In astonishing days like the present, Rivane Neuenschwander puts her finger on the spot by dealing, in an astute and persistent way, with some of the ghosts that plague our time. There are three central axes that guide your exhibition Damned, Joyful and Devout Tropics, which ran until October 24 at the New York gallery Tanya Bonakdar: fear, sexual violence and war. In four series of apparently independent works, the artist rescues themes that have been part of her personal repertoire for some time, promoting a sometimes subtle, sometimes explicit connection between the intimate, constructive and poetic aspects of the works with the current social and political crisis. “Fear is also a social construction. It is important to me because we see this connection of the cyclical, historical thing coming back”, she says when commenting on the frequent presence of elements linked to the feeling of impotence, anguish and fear in her production.
Fear is an affect associated with childhood. And it is in the investigation of children's fears that the research that Rivane has been developing for at least four years begins. In a series of workshops, held at institutions such as Parque Lage (Rio) and White Chapel (London), the artist asked children to reveal their fears and at the same time exorcise these vulnerabilities by devising protective covers as a way to shelter or chase away your fears. She went through a similar process of debugging spooky images with her young children through naming and describing ghost games that supposedly haunted the house and minds, until the vague feeling of haunting turned into safe and free ground. of threat. This process of exchange and investigation ended up providing him with a wide repertoire of images and references that have been taking on different bodies and forms, echoing here and there in his poetics. “Sometimes there are latencies from one job to the next, something that bothers you and that you will only solve years later. Perhaps through another work,” she explains.
Two of the works on display in New York dialogue directly with this process of collection and re-elaboration: the series Lurking, a set of drawings made from material collected with children and reworked as if they were shadow theaters, and fear of, an assemblage in which powerful and paralyzing fears of contemporary society are named and intertwined. “People who lived, were children during the military dictatorship, and today have children, see the cycle, the return of the repressed, perceive a unity and also that fascism is not outside. He's on the inside”, she says, always claiming this emphasis on fear as a social phenomenon, of the need to connect any personal immersion with more totalizing aspects. The particular cases are also illuminating how this fundamental affect is manipulated within the social field, how it is calculatedly used for the maintenance of authoritarian forces within society.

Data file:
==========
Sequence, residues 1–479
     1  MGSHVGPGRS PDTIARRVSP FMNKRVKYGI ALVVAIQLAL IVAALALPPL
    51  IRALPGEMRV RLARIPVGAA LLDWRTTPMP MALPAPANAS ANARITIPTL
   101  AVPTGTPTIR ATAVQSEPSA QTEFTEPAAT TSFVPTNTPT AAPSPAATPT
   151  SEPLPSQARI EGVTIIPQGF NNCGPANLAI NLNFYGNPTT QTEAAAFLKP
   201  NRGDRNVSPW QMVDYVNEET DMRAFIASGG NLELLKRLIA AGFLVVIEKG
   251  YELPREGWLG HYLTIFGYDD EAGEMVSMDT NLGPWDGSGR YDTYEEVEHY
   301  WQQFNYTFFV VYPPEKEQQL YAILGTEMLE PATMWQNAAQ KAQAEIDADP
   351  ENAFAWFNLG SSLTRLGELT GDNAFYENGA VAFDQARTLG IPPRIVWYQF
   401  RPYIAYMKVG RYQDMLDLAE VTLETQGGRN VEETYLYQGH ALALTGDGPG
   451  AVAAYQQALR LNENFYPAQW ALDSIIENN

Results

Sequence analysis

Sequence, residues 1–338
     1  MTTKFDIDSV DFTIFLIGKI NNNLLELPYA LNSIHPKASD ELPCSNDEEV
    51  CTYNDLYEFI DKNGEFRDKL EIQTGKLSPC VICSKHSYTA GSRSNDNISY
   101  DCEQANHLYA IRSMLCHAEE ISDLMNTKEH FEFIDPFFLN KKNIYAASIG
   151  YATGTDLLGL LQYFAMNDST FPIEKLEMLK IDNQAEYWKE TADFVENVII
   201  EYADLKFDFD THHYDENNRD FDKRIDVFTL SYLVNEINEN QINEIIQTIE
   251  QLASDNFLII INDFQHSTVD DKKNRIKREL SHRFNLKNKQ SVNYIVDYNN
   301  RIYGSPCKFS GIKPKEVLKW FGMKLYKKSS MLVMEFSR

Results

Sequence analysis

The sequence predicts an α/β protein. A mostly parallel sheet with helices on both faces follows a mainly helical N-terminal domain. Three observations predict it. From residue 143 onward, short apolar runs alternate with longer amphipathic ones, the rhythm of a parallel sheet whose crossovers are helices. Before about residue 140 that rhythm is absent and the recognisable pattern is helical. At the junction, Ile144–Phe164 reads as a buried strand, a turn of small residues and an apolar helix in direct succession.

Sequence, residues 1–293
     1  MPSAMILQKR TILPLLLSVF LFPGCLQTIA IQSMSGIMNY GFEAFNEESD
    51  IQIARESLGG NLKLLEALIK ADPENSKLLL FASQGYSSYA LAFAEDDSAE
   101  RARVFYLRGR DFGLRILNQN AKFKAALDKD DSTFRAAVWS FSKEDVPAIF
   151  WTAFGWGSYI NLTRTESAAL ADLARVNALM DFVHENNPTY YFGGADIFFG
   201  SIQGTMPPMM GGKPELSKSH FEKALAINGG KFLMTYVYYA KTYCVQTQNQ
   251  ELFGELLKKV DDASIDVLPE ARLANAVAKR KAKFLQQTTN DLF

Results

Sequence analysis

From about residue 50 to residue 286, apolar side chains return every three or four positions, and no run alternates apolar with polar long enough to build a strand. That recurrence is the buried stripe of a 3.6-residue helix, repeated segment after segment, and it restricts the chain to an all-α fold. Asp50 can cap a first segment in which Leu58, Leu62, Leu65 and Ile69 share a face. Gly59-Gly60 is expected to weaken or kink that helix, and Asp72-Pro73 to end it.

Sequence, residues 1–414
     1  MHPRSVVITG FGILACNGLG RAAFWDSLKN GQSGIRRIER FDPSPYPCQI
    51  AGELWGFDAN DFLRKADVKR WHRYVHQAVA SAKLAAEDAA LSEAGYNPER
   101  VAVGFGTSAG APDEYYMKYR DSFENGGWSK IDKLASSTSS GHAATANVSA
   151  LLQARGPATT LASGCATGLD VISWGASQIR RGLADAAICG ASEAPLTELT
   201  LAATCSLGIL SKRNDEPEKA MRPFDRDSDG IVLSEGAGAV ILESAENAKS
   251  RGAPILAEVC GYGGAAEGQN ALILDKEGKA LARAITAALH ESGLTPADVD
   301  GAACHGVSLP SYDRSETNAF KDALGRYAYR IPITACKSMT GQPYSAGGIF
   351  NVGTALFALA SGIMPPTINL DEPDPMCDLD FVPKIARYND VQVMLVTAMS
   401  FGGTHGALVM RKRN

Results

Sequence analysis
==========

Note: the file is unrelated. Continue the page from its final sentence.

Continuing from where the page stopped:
Starting from references such as Vladimir Safatle and a permanent appropriation of references from the field of psychoanalysis – “there are some psychoanalytic concepts that I borrow without major conceptual, academic commitments; a rich word that allows me to make these drifts, these games” –, Rivane alerts to the need to name, embody and face fears, in their intimate or collective dimensions. “We wake up every day, even fighting this fear. So we have to fight this melancholy, but it's difficult because the destruction is so great. We are very touched, because the thing is suicidal. Destruction is in every way. It is physical, it is symbolic, it happens everywhere. The immoral atrocities they commit in the name of false morality is something appalling,” he adds.